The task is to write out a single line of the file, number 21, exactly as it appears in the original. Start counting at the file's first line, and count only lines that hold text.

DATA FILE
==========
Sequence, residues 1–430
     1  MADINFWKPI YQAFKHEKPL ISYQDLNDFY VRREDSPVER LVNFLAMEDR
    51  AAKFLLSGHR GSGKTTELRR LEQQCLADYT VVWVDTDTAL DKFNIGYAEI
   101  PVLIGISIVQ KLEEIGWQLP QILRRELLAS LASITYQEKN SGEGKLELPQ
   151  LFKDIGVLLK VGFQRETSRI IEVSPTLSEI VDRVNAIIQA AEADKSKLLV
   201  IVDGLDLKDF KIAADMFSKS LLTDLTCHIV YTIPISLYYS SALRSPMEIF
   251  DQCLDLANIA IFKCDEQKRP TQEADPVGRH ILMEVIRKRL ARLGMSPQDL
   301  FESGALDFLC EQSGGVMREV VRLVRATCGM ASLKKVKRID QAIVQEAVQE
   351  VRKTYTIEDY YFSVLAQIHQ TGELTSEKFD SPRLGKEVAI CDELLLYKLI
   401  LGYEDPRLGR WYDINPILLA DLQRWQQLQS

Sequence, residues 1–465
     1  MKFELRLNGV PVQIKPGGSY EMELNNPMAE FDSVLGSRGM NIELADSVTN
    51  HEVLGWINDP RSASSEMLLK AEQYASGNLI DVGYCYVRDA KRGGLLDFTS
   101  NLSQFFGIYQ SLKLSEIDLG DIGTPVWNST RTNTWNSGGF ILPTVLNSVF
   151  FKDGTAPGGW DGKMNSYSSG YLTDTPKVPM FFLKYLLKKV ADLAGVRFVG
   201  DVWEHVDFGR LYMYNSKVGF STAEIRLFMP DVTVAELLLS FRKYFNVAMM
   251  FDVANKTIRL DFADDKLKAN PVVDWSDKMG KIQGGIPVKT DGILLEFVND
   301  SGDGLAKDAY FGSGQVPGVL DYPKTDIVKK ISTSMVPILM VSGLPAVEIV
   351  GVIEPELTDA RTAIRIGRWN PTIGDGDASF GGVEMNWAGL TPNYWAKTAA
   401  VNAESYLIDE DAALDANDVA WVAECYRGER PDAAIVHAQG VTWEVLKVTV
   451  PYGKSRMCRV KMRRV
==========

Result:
   451  PYGKSRMCRV KMRRV